IU basketball legend recounts college days as dentist

Pictures of his family sit on his desk, next to his computer. An album cover of Eric Clapton hangs on the wall behind him, and his desk is occupied with papers and books. This is Dr. Steven Green’s office at Team Green Dentistry, his dental practice, in Fishers, Indiana.

To many who are old enough in Indiana, he is more than Dr. Green in the white coat — he is one of IU’s best basketball players. He is part of the 1,000-point club at IU, was legendary former IU Coach Bob Knight’s first recruit, was part of the 1975 team that went 18-0 in the Big Ten and had a 31-game win streak.

Basketball memorabilia litter the top of his cupboards. There is a signed ball and pictures from his time at IU decorated neatly atop the cupboards. 

The 6-foot-7 forward had offers from various schools, including Kentucky and Vanderbilt, before Knight paid him a visit during school hours at Silver Creek High School in April 1971. 

“He had just signed, and my father, who was the coach and teacher (at my high school), came and got me out of class and said he wanted me to meet the new coach of Indiana,” Green said. “I remember til this day my dad saying, ‘And I want you to go in and listen to him.'”

Knight had already won Green’s father's favor with his vision and plans for IU’s program, and after that conversation, Green said he believed in Knight’s plans as well, even though Green admitted that at the time, he did not know who Knight was.

“He was talking and said, ‘By the time you’re a senior, we should be able to win a national championship and be one of the top teams," Green said. 

During his junior year — which was in 1974 — under Knight, Green was the leading scorer. He averaged 16.7 points per game, shot 54.5 percent from the field and was a first team, All-Big Ten selection.

For Green, arriving at those stats was a culmination of meticulous and constant improvement from his freshman to sophomore to junior year.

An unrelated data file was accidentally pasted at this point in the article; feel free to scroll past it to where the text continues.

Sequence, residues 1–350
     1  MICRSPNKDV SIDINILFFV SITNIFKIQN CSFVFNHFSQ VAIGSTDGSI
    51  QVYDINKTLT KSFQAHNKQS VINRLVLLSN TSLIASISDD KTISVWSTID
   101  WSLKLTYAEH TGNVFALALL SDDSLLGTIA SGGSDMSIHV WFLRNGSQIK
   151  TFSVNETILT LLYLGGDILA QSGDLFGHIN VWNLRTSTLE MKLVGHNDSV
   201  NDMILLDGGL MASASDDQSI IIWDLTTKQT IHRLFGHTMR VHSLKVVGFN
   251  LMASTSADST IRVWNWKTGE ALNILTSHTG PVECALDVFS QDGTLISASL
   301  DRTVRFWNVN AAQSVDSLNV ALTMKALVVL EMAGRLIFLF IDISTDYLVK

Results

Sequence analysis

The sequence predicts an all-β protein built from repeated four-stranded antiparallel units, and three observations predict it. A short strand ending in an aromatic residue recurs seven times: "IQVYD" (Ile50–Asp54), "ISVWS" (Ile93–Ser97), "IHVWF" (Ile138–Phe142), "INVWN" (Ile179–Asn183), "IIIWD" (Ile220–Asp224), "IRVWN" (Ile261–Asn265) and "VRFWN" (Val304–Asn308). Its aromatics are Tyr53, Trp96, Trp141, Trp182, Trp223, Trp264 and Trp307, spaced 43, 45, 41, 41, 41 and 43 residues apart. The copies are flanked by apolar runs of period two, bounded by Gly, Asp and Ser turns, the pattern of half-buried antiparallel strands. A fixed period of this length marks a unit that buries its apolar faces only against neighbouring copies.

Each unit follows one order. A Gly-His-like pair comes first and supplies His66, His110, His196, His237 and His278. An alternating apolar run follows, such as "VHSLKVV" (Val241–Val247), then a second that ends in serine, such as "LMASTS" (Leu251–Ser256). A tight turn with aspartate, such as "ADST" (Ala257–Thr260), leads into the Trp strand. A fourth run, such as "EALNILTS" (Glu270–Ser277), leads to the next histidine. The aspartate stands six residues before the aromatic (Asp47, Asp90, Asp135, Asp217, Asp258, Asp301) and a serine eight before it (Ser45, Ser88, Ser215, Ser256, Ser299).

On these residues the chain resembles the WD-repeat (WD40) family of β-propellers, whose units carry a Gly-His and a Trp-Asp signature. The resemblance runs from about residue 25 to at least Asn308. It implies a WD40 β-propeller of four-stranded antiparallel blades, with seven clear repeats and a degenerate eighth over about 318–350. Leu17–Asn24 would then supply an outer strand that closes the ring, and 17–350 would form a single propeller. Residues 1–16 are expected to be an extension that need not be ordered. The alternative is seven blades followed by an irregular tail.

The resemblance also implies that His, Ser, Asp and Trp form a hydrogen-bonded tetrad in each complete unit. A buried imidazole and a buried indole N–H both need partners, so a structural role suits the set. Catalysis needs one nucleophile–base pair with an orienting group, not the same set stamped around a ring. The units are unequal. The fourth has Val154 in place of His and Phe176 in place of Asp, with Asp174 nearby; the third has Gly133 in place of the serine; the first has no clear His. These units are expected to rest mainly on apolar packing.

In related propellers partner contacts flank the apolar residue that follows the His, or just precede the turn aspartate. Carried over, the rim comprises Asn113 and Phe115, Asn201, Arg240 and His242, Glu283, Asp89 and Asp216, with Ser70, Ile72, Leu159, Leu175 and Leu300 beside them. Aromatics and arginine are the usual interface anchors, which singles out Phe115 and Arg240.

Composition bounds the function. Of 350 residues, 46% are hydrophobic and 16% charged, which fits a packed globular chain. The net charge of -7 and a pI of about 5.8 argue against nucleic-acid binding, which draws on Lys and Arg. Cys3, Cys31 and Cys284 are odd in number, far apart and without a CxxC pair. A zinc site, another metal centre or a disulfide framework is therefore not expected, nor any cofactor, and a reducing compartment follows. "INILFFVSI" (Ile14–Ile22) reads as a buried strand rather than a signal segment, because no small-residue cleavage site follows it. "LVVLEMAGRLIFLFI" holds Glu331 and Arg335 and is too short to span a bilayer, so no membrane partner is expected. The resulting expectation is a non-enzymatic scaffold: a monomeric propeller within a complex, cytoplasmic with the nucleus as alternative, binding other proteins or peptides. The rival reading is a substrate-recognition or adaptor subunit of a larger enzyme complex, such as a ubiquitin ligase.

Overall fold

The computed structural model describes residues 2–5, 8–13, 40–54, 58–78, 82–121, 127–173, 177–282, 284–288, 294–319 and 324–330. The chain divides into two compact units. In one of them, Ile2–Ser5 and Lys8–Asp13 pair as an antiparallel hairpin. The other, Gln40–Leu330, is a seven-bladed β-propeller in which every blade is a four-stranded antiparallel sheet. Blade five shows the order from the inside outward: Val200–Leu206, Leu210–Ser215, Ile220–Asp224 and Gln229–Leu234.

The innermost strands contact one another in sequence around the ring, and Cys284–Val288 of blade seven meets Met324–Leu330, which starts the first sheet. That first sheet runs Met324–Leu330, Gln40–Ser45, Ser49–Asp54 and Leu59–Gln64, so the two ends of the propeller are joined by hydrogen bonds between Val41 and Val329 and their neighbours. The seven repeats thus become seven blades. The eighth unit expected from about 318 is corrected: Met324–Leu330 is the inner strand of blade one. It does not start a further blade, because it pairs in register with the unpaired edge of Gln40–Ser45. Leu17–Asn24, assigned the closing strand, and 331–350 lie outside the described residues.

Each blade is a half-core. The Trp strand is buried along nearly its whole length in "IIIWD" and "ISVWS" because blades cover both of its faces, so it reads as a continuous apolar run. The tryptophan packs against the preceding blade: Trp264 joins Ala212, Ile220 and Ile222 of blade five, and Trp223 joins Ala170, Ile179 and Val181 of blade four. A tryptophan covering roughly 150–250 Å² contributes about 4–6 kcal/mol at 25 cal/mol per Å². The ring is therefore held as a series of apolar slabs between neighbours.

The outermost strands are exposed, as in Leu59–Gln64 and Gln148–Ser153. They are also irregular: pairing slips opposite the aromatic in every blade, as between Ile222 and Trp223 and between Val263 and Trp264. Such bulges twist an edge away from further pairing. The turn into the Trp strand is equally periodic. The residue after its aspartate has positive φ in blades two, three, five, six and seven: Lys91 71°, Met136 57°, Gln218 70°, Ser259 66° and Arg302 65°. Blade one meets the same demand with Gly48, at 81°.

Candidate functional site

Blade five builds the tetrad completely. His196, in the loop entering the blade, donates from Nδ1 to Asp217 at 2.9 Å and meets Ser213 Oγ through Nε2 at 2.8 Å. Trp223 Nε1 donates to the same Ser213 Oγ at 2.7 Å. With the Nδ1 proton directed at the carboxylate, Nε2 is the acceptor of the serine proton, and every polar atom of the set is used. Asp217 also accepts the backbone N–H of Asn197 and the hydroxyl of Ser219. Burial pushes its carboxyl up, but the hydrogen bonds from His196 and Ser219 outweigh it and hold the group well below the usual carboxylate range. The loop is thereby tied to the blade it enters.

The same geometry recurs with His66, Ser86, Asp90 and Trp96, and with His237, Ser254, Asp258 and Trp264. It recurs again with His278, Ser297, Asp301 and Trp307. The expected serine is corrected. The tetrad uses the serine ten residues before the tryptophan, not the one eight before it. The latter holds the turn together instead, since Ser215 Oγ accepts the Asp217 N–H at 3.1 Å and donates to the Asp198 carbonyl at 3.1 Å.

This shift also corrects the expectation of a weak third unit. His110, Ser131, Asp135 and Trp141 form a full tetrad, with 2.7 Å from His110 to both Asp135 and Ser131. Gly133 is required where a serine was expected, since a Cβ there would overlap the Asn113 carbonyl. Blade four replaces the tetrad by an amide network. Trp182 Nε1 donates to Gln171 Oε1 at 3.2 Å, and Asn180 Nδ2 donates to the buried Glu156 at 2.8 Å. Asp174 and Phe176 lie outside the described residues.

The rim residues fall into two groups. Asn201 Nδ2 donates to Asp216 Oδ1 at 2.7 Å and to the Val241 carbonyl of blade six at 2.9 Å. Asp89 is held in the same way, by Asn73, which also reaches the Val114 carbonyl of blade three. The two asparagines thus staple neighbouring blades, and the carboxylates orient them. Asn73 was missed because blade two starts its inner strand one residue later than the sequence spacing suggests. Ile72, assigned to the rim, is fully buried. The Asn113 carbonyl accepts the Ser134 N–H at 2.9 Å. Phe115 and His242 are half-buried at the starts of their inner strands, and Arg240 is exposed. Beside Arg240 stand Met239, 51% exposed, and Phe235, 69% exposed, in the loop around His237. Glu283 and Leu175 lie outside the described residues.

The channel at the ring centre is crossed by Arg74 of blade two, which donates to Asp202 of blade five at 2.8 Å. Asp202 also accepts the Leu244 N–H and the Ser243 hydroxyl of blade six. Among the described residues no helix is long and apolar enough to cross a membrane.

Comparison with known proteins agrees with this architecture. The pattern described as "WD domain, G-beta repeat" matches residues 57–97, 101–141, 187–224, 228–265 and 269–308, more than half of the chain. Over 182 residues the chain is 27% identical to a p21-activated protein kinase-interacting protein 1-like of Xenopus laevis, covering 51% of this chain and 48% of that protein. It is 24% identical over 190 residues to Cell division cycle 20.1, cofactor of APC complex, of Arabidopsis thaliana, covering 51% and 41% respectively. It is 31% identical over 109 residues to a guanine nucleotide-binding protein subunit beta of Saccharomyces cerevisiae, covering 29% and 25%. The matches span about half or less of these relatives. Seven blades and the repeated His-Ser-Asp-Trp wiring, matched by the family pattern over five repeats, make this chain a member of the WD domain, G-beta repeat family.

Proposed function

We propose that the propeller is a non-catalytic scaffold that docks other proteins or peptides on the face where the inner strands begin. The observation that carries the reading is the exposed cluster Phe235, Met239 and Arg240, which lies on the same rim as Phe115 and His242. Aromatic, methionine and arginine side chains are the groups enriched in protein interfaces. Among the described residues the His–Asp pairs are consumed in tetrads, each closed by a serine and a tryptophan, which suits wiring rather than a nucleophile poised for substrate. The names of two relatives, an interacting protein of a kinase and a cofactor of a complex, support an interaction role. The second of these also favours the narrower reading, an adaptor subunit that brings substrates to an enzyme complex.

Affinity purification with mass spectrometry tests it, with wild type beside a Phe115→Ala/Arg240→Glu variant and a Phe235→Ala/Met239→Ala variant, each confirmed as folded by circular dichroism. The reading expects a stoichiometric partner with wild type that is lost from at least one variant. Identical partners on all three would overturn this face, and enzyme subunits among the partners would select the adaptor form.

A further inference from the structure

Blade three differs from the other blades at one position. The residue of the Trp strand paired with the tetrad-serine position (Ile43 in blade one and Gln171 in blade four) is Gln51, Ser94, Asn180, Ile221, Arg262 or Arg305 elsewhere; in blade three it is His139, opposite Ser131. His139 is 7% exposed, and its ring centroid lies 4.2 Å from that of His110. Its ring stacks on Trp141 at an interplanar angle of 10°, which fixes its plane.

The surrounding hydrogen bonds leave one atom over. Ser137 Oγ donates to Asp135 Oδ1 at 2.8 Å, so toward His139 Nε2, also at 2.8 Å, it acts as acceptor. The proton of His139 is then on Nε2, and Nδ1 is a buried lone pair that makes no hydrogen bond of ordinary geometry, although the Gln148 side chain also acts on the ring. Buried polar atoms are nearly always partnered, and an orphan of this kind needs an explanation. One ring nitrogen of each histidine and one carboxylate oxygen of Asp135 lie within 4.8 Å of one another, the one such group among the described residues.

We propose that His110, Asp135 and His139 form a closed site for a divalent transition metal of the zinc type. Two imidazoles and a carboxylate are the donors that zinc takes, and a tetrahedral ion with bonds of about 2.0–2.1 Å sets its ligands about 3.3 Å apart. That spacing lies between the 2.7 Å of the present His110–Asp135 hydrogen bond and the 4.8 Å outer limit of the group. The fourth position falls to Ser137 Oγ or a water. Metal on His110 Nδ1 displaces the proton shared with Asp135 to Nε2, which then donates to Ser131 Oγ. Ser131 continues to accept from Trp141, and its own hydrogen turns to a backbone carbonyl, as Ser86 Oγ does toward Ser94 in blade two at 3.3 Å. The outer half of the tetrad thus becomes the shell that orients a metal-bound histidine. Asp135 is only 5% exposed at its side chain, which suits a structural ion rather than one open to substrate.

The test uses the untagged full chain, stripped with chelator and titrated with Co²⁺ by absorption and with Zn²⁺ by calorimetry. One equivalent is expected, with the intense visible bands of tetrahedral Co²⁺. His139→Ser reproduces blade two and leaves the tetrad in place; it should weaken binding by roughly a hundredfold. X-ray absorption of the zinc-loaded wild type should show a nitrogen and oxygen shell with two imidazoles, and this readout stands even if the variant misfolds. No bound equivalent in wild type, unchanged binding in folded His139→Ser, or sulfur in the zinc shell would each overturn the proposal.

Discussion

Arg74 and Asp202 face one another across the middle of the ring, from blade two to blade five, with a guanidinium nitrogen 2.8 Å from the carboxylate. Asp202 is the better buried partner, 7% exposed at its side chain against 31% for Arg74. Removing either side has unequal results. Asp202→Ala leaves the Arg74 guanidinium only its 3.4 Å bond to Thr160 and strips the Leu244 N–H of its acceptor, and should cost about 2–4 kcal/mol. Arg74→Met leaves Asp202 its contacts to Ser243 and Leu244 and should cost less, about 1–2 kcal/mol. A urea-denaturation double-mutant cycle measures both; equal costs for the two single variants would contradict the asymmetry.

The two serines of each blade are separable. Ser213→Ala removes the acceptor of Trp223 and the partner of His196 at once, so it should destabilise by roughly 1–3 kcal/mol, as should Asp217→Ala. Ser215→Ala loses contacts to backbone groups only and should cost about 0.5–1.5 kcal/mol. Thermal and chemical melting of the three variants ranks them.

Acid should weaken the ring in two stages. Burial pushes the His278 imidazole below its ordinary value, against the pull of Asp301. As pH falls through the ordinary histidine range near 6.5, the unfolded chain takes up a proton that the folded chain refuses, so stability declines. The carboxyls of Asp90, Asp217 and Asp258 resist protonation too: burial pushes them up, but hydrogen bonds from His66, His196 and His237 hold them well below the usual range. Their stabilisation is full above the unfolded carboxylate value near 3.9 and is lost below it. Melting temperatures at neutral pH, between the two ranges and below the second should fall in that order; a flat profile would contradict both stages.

John Kamstra, one of Green’s teammates on the 1975 team, also saw Green as someone who knew how to play to his strengths and was aware of his weaknesses.

“He was a very good team player, a great shooter, defensively wasn’t the quickest guy in the world, but knew that so he played well within the team’s defensive concept,” Kamstra said. “He played within himself. He didn’t try to go outside what his abilities were, I think.”

More importantly, Kamstra said he believed Green was able to bring balance to the 1975 team that went unbeaten in the Big Ten that year. It was Green’s personality and character as a captain that kept his team on track, Kamstra said.

“He had a great sense of humor,” Kamstra said. “There were many times when we were playing for Coach Knight that things can get pretty tense during the course of practice or game, and Steve just had a really good way of dealing with that.”

In his fourth year with the Hoosiers, Green was seeing Knight’s plan unfold before him.

Green, as one of the captains, had gathered everyone and the message was clear. The team needed to win every game because that was the only way Knight would be less harsh with them.

The Hoosiers started that year with a 113-60 win over Tennessee Tech at Assembly Hall. The victory was followed by a 74-70 win over No. 7 Kansas in overtime and a 98-74 win over No. 15 Kentucky.

The Hoosiers headed into the Big Ten season 11-0 and opened their Big Ten campaign with a 107-55 victory against Michigan State. IU kept winning and beat fierce rivals No. 20 Purdue, 104-71, at Assembly Hall, which allowed IU to go 8-0.

The Hoosiers won their next seven games before facing Purdue again at Mackey Arena. It was the first half of the game when forward Scott May broke his left arm.

“The worst thing that could happen to such a team is to pluck one important player out of it,” Green said.

Green said the partnership between May and him was what made the team tick. If May did not shoot, then Green would have a go himself.

Shell-shocked and without arguably its best player, IU struggled to beat a team they had earlier trounced at Assembly Hall. But the Hoosiers still managed to pull off a 83-82 victory to clinch the Big Ten title at Mackey Arena.

“Scott went down, and Steven really picked up the slack,” Kamstra said. “From that point forward, I think he really elevated his play to help with the whole issue of being a man down.”

Green finished the game with 29 points, including IU’s final three points.

The Hoosiers completed the season undefeated and faced Kentucky in the Elite Eight of the NCAA Tournament.

Without May, IU lost 92-90 to the same Kentucky team that it had beaten earlier in the season.

The 1976 team, with a healthy May, would go on to complete an undefeated season.

Sometimes, Green still wonders what could have happened if May was healthy for the entirety of the 1975 season, especially because the team was deemed one of the most talented ever.